Margaret OBriens treatment by Home Office hints scandal goes beyond Windrush generation
Margaret O’Brien, 69, moved from Canada to Wolverhampton in 1971, to marry, had three children and worked for the neighbourhood parliament for more than 25 times as a dinner female, snacks on pedals driver, lollipop madam and cleaner.
A spinal hurt a few years ago intended she had to give up her profession, guiding her to apply for helps for the first time. In 2015, she was told her disability pays had been suspended because she was an illegal immigrant.
O’Brien received a letter stating:” Home office records indicate that you do not have permission to be in the UK. You should make arrangements to leave without delay .”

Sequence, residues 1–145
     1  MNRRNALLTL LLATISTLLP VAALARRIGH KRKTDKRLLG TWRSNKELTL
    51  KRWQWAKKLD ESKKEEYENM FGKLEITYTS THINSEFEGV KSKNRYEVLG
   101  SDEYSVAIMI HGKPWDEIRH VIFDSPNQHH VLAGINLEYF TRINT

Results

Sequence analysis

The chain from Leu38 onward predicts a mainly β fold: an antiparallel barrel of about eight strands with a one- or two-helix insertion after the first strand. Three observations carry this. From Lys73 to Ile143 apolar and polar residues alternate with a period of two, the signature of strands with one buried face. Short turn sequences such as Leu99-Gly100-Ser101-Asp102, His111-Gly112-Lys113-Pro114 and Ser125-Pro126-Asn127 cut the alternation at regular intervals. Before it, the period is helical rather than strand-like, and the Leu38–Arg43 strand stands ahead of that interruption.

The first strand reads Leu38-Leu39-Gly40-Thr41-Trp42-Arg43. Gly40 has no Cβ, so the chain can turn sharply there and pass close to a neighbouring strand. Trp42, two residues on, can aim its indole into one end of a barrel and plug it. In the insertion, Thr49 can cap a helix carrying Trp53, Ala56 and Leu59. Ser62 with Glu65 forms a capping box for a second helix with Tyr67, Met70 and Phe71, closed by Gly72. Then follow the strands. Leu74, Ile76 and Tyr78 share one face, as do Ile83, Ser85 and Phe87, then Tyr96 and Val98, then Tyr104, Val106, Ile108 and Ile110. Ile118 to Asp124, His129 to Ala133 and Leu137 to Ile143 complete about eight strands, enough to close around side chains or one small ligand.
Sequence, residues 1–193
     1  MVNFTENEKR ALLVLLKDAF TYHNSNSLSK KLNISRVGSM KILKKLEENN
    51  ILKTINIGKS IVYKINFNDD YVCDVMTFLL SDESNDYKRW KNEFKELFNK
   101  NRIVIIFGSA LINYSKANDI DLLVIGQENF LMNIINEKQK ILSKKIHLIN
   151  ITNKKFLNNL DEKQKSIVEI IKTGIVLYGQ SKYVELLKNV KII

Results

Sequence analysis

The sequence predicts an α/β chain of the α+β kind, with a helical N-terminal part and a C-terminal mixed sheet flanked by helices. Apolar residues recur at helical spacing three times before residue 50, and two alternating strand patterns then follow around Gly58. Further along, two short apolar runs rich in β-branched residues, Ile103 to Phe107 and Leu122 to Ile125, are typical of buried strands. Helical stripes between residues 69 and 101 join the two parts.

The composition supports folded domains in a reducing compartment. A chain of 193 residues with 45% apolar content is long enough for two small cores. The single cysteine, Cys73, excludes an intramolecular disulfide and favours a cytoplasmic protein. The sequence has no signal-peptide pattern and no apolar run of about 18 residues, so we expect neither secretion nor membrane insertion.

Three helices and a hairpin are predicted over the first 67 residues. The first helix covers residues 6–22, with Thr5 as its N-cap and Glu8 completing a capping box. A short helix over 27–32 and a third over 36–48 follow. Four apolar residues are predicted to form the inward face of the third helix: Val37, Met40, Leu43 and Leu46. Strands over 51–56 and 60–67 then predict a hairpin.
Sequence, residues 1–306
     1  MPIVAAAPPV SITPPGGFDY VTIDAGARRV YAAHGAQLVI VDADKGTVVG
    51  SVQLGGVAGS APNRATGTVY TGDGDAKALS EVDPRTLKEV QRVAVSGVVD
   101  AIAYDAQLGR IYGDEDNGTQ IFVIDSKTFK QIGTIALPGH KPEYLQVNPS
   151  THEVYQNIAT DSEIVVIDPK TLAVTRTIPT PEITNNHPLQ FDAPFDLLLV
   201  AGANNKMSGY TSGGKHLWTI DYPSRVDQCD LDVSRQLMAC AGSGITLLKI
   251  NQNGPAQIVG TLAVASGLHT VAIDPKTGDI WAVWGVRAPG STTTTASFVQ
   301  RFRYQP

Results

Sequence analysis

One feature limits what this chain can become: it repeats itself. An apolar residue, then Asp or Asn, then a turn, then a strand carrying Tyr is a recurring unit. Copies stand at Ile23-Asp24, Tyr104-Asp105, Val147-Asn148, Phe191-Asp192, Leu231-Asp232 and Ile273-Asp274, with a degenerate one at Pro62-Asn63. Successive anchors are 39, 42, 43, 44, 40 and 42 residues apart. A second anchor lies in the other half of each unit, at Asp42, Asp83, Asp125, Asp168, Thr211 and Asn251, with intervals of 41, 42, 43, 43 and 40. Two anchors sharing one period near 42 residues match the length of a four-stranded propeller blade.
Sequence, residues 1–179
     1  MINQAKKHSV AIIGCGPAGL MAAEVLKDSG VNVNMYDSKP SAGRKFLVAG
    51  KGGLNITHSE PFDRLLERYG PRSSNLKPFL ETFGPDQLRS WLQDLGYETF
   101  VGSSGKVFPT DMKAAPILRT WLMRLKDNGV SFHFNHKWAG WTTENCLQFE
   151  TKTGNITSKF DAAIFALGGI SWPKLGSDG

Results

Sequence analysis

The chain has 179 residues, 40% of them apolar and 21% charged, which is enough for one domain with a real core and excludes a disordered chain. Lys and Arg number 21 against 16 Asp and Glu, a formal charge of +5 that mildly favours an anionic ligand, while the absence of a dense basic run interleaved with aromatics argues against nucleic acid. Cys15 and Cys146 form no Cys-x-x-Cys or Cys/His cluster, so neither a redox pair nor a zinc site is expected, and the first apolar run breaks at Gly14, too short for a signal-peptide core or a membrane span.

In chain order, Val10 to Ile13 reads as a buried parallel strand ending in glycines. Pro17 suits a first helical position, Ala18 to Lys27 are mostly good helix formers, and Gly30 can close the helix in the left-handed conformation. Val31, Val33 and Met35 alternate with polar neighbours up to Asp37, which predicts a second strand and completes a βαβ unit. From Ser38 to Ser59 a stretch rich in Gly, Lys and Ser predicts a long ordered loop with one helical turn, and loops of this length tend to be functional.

The letter informed her” of our intention to remove you from the UK to your country of nationality if you do not depart willingly. No further notice will be given “.
If she decided to stay, the letter reminded,” life in the UK will become increasingly difficult “; O’Brien was liable to be arrested, prosecuted and face a possible six-month prison sentence.
Her example is significant because it shows the Home Office’s management of longstanding Commonwealth-born UK occupants is not restricted to the Windrush generation, but is likely to extend to people from other Commonwealth countries.